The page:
‘You have to beg for help’: how our welfare system pressures people to perform vulnerability

By Emma Mitchell

People who rely on welfare payments to survive are often required to repeatedly tell stories of their personal hardships.

In a conditional welfare system, many must regularly attend compulsory appointments, job search training courses, and self-development and treatment programs simply to receive their payments.

People in extreme hardship often tell their stories even more frequently as they seek extra relief from non-government charities and community providers.

Those on income support payments below the relative poverty line feel the crunch of inflation and rising living costs most severely. This means many will require extra support from welfare services to meet their basic needs.

Integral to this system is the idea of “performing vulnerability”.

“Performing vulnerability” – a term I borrow from UK-based researcher Kate Brown to update Australian academic Mark Peel’s idea of “performing poverty” – is not just about repeatedly describing personal hardship.

It points to the expectation to describe hardship in particular ways that are recognisable – and hence believable – to support providers.

My book, Making a Life on Mean Welfare: Voices from Multicultural Sydney shows how the expectation to perform vulnerability to access support shapes experiences on both sides of the welfare frontline.

It can compound the cycle of disadvantage associated with receiving welfare in the long term. It does so by fostering mistrust between welfare users and providers, as well as tainting how people in need of support see themselves and their situation.

A woman living on the disability support pension told me, ‘You have to beg for help.’ AAP Image/Mick Tsikas

‘Tell me your story’

For my doctoral research, I spent 18 months speaking to welfare users and workers in culturally and linguistically diverse southwest Sydney. I also observed different aspects of service delivery while volunteering at a community welfare organisation. I interviewed 25 welfare users and 11 community welfare practitioners.

As a researcher of everyday experiences of welfare and poverty, I know all too well what it is like to ask people to tell their stories of hardship yet again.

I also grew up in an impoverished family reliant on welfare to get by. I know firsthand what the impact of retelling stories of hardship can be, particularly when the audience is, as Peel puts it, “someone who has the power to give or deny them something they need”.

One of the community welfare practitioners I interviewed summed it up by saying:

They’re coming again feeling ashamed. They’ve knocked on someone’s door, to tell yet again how shitty their situation is.

Her response was to chat and put them at ease before saying, “Can you tell me your story?” She would follow up by saying, “You’ve given me some insight, let’s formalise your story a little bit.”

Some welfare workers showed more scepticism, particularly when it came to giving out emergency relief.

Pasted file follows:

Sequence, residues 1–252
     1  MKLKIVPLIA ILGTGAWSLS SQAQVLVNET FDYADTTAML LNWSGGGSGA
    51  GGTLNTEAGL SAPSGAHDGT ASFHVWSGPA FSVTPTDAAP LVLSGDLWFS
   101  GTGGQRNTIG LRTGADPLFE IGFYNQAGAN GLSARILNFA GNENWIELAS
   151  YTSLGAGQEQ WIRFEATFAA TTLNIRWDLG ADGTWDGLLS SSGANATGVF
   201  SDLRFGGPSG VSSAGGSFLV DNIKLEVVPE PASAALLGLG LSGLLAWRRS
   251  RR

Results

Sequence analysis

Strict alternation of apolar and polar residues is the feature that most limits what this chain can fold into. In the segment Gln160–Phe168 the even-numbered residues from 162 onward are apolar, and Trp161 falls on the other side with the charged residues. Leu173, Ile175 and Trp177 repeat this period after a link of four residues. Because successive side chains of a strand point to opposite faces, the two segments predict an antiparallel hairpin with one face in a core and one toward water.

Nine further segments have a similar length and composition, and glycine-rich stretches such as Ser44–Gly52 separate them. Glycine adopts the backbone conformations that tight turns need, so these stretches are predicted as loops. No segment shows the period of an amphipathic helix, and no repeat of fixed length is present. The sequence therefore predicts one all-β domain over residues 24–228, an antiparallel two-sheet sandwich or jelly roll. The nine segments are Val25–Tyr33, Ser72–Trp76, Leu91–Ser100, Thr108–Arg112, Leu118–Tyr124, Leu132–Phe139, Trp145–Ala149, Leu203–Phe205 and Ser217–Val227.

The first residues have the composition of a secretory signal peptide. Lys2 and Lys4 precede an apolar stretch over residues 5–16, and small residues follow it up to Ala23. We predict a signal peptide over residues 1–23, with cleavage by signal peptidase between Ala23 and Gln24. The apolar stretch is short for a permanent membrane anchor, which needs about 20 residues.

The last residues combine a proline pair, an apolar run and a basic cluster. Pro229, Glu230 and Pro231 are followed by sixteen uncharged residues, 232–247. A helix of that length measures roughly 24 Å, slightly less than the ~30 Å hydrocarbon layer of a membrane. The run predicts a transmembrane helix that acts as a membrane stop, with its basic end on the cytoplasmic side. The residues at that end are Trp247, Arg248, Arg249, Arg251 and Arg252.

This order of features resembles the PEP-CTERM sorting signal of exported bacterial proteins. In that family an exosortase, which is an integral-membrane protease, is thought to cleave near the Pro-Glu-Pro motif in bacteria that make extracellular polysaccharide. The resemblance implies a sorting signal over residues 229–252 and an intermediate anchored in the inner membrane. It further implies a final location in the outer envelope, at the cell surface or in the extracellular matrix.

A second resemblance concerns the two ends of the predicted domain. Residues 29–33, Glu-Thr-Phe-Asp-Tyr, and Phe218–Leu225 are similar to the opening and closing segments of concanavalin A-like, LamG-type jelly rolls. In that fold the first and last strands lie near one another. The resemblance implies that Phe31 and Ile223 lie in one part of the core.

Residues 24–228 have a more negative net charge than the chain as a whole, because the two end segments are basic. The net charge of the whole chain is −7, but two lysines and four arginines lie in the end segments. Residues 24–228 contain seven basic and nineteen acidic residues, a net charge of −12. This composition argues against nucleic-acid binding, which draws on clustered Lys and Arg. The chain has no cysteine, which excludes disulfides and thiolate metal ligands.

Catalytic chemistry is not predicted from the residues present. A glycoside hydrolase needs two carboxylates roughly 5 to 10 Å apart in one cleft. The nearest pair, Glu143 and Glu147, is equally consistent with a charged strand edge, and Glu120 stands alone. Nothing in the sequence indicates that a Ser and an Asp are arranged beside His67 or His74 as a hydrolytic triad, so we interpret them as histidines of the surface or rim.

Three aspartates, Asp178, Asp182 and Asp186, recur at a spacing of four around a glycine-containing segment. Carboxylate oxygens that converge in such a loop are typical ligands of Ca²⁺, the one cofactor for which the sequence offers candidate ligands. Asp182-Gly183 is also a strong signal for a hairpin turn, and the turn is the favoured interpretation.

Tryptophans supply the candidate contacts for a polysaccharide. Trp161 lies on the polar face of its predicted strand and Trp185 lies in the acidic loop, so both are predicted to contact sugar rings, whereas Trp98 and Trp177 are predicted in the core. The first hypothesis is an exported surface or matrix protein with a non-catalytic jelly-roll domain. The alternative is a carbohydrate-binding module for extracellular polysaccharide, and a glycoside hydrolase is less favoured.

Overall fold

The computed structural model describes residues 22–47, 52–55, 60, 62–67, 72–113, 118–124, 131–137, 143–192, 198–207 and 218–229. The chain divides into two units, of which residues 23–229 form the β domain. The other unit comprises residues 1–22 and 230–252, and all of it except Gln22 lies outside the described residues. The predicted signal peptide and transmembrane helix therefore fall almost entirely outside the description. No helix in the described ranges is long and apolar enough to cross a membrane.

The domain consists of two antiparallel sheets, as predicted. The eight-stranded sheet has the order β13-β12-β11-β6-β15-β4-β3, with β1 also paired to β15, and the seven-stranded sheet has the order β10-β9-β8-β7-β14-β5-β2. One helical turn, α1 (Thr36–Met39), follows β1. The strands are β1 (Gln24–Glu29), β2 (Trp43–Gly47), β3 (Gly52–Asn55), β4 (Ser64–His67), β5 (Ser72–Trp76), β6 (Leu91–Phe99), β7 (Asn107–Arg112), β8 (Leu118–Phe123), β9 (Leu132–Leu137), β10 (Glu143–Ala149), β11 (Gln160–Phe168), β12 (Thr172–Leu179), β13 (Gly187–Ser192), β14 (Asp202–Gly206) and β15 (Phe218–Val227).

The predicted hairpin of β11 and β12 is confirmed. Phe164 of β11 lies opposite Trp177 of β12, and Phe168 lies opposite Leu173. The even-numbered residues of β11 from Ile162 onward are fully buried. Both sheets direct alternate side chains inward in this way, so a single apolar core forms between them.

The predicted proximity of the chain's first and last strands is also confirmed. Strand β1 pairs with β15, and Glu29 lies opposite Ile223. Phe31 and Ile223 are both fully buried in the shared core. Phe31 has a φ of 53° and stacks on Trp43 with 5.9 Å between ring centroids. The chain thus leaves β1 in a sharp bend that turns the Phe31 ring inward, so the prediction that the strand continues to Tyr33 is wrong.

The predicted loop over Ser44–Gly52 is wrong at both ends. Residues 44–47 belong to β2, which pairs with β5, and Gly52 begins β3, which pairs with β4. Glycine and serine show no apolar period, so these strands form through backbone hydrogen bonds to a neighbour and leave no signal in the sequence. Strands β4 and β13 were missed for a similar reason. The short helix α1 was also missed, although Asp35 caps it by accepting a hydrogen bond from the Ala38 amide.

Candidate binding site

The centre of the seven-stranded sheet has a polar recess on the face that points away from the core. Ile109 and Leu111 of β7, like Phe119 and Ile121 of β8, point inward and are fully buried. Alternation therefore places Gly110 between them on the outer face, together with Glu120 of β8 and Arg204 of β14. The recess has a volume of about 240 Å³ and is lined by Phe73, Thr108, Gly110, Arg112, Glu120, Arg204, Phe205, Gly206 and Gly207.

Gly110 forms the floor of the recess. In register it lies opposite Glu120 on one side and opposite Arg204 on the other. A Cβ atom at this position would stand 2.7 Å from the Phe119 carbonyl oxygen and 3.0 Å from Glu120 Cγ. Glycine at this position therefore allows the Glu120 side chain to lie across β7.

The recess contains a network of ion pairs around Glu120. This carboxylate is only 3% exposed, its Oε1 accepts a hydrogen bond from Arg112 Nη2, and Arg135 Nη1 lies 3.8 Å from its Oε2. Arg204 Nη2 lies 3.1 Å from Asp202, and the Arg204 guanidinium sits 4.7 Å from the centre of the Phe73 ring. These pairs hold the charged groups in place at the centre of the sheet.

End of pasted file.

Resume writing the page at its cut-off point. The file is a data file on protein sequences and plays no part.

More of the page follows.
When someone refused to share more than the minimum information required to be eligible for extra assistance, one welfare worker commented: That person doesn’t want to take responsibility.

Another practitioner told me, “That woman dramatised her situation,” but quickly added, “That doesn’t mean she wasn’t genuine.”

The willingness of people seeking assistance to disclose personal hardships and do so convincingly impacts on how deserving they may come across to those delivering support. The pressure to perform can overshadow encounters between welfare users and workers even when it doesn’t determine the outcome.

View of a hand filling out a paper form
Repeatedly telling stories of hardship is part of the process of receiving welfare. Shutterstock

‘It’s your dignity’

Among the most marginal welfare recipients I spoke to, “performing vulnerability” was another toll of poverty.

Those experiencing the worst hardship frequently told me about having to explain “the ins and outs” and feeling “embarrassed”, “intimidated” or “uncomfortable” when they had to present to welfare agencies.

Two young people (whom I have given fictional names) powerfully conveyed the cost of telling all about their struggles:

Kane: Often if you go to them sorts of people (welfare agencies) you’ve gotta put it all out there, that you’re homeless, that you got nothing, you got no friends, no family – and then they’re gonna go boom “alright” (you get the help you came for)…

Nessa: Yeah, that’s what I had to do to get a house and it’s embarrassing (talking over each other) I think it’s embarrassing.

Kane: You gotta go down to those levels you know – it’s wrong.

Nessa: When you gotta expose everything and don’t want to, it’s, like, your dignity.

Kane: Yeah, it’s everything.

Performing is not pretending

The most marginal welfare users get a great deal of practice performing their hardship. But knowing how to tell their story a certain way is not the same as pretending.

Not only do people at the sharp end of the welfare system have to endure the hardships of poverty, but they must then recite it in a way that registers as genuine, pressing and beyond reprieve.

As a woman living on the disability support pension put it:

You don’t have the flexibility that a rich person has to respond to crisis, so you have to beg for help. That takes time! And you know you’ll be judged like it’s your fault.

A welfare system that demands disclosure of personal hardships – even when geared towards being supportive rather than suspicious – can undermine dignity and hold back those unwilling or unable to tell their story convincingly or in enough detail.

This article is republished from The Conversation (opens in a new window) under a Creative Commons license. Read the original article (opens in a new window) appeared on December 1, 2022.